F A Q
- Where did you learn how to do this stuff?
- How do I go about getting a custom-designed ring made?
- You used to have this one ring, but now I don’t see it in your etsy shop! Do you still make it?
- I sent you an email yesterday/3 days/a week ago and haven’t heard back yet. What gives?
- Can you make it in silver instead?
- Can I use my grandma’s diamond?
- Can I reuse the gold too?
- Will you make me a ring just like this one by Cathy Waterman except cheaper?
- How long does it take to have a custom ring made?
- OMG my wedding is in a month! Can you do mine faster?!
- When will my ring be ready?
- What are the differences between all the white metals you use?
- And the yellow ones?
- How much does a diamond cost?
- No, really.
- How can I be sure a diamond I buy isn’t a “conflict” or “blood” diamond?
- I’d prefer a colored stone; what are my options?
- Do you have your rings in any stores where I can try them on?
- Can I come to your studio?
- How the heck do I get a hold of you?
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I’m primarily self-taught as far as carving and technique go, though I did take two weekend seminars on very specific jewelry processes (that I have never actually used officially… but they were fun classes!). Years ago, I worked a summer in a tiny jewelry shop in Texas and saw casting for the first time. This pretty much blew my mind and my boss gave me a chunk of wax and a broken dental tool to play with. I toodled around for many years thereafter, making a few wedding bands for friends and family along the way. I very randomly got a stint carving custom waxes for a fancy jewelry shop in Palo Alto, which was where it occurred to me that live actual money could be made from this sort of thing. A few years ago I decided to try Etsy, and the rest is history.
I also have a graduate gemologist degree from GIA, which is more academic gem stuff like diamond and colored stone identification and grading. It is indispensable for scrutinizing stones I want to buy or that my clients send me. My binocular microscope is one of my favorite studio tools.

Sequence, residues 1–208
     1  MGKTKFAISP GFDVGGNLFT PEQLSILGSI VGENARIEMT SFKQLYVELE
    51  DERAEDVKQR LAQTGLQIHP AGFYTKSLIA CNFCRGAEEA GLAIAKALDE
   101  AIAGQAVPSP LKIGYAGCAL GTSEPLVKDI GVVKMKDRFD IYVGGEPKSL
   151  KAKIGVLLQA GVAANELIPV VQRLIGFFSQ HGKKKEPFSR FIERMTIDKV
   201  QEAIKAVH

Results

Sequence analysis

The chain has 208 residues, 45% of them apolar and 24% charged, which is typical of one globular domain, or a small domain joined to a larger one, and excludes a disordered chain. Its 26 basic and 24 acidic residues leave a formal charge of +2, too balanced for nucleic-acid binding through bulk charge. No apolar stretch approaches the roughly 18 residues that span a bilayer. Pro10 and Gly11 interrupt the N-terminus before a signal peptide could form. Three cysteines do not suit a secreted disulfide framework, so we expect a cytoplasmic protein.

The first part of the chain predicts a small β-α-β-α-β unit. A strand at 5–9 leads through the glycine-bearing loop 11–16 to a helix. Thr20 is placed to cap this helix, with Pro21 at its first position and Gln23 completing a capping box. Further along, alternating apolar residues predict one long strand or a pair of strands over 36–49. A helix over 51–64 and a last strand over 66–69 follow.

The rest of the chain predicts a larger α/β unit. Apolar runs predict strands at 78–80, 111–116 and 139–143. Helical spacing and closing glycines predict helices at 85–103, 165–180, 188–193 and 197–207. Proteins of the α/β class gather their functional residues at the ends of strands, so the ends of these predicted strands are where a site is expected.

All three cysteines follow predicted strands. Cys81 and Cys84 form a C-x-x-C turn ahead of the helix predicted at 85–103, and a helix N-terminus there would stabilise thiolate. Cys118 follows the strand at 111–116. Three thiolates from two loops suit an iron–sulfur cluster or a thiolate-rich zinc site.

We start out by gathering ideas: motifs, overall size specifics, metal preferences, stone or no stone, etc. and I begin to make sketches. I can send these to you, adjust, resketch, until we have a design set. Then I can make a final quote (actually, I can give you an idea of ballpark price as soon as I have a general idea of what you have in mind) and invoice you for a deposit. I usually do 1/2 the total, which seems to work for most people. Then I begin to carve the wax model. I take photos along the way and a zillion of them once the model is complete and send these to you. Any adjustments that need to be made can be made to the wax until it is perfect. Then it is cast into metal and I get to the finishing work: filing/sanding/polishing/stone setting (if any). I invoice the balance when the ring is about ready to ship and that’s it!
I probably do, but sometimes I forget to renew listings or don’t notice that they have expired. Just send me a note and I’ll get it back up there.
I try to keep up with correspondences, but sometimes I get behind. Or the weekend happens, or my child has a meltdown when I don’t pay 100% attention to her. Or I did actually respond to you but haven’t yet clicked the send button. Still need more excuses? I never mind a reminder though—just send me a note if I seem to have forgotten you and I’ll get my act together.